Much effort is spent in enterprises on conducting human interaction either internally (between employees and other stakeholders for instance) or externally (like between customers and the company). Inquiries of potential business partners, or complaints of existing ones must be handled promptly and thoroughly but holding up this responsiveness via human operators gives huge burden. This is where data science and machine learning come into the picture. Most organizations do have the answers to most of the upcoming questions, but they’re buried in some unknown repository. Many solutions exist that could automatize or semi-automatize this service, and they’re getting to be deployed in more and more enterprises, mainly at helpdesk centers or directly at webpages. There are two main applications: question answering systems and chatbots.
Question answering ( QA)
QA is simpler in comparison and they mostly focus on giving relevant information (“answer”) to one specific question without any wider context conversationally or in topic. It may not provide concise and focused answer but provides full relevant documentation(s) as reply. The most well-known examples of this system are web search engines.
On the other hand, are more sophisticated solutions which could be more engaging on one hand, but more error prone on the other hand. Simulating long dialogue with all its multiple hidden and less concrete elements of human conversation focusing on some final action or reaction is challenging, especially when the system tries to raise the impression of a real human counterpart during the small talks and all other verbose ambiguities.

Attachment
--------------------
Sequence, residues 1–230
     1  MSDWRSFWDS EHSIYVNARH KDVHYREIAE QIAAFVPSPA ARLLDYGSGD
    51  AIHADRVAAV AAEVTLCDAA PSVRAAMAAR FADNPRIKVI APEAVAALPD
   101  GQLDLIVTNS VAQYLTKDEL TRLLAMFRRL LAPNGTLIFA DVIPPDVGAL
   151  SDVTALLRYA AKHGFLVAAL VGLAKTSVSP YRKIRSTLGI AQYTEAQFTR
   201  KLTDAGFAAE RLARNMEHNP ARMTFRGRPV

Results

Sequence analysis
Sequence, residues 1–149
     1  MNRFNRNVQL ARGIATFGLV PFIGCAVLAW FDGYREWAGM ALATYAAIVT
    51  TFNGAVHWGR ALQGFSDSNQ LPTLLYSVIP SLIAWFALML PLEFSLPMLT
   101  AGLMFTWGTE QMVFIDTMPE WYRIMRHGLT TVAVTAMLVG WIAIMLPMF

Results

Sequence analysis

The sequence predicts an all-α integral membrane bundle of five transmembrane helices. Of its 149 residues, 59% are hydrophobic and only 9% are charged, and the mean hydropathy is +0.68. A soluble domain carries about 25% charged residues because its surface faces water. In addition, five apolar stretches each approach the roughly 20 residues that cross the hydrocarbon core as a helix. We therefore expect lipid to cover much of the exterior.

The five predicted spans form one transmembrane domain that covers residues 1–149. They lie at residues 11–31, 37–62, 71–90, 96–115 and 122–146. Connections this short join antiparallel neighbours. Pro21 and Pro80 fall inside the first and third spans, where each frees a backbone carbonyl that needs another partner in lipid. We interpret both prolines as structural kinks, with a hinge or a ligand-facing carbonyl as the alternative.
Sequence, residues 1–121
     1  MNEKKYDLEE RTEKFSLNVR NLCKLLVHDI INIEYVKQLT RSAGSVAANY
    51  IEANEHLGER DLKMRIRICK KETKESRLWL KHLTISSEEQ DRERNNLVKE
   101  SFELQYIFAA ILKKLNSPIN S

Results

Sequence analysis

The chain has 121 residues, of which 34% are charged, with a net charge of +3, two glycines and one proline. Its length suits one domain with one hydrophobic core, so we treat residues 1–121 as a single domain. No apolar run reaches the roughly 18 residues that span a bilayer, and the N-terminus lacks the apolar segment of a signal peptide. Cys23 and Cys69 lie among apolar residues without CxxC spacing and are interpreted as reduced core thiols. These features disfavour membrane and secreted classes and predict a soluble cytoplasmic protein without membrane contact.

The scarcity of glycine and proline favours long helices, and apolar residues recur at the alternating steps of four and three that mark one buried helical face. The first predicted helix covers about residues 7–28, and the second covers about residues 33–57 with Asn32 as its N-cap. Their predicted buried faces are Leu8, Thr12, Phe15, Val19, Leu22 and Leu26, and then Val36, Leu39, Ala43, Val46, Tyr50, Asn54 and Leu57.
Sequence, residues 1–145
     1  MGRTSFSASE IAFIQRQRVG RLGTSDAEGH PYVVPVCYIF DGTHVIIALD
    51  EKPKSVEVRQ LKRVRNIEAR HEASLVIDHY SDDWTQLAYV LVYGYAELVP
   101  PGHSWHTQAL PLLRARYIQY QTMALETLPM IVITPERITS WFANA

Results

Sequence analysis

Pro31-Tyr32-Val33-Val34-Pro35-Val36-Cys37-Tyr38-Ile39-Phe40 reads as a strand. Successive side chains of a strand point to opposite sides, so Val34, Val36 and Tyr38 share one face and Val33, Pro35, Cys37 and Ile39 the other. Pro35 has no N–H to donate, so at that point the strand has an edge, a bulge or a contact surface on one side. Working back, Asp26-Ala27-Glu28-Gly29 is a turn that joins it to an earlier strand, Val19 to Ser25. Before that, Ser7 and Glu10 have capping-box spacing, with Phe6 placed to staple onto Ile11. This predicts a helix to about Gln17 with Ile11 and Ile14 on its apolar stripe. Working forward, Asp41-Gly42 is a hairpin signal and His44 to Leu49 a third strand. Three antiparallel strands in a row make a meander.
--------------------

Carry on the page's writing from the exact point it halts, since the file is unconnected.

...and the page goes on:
Chatbots usually try to solve the task by taking the lead role during the discussion with proactively posing questions to figure out the broad user intent (like complaint about failure of a purchased product) and get answers that contain key information to fill the necessary gaps (what is the actual product in question, what is the nature of the failure, how was it used beforehand etc.) in order to recognize the full situation. Another potential step is to initiate some action (generally out of the scope of the chatbot itself) like opening a service ticket or taking feedback later. The difficulties of building such systems arise from handling a full, open ended conversation on one hand, and collecting annotated training data on other hand. Special threat is that a considerably subhuman level of such dialogue machines could easily result in fatigue, irritation, annoyance, and counter-productivity at the end, so some level of human control and tracking is essential in order to intervene in the necessary situations.
Added values (Why AI/ML/DL): automatic or semi-automatic handling of human interaction for cost efficiency, scale out.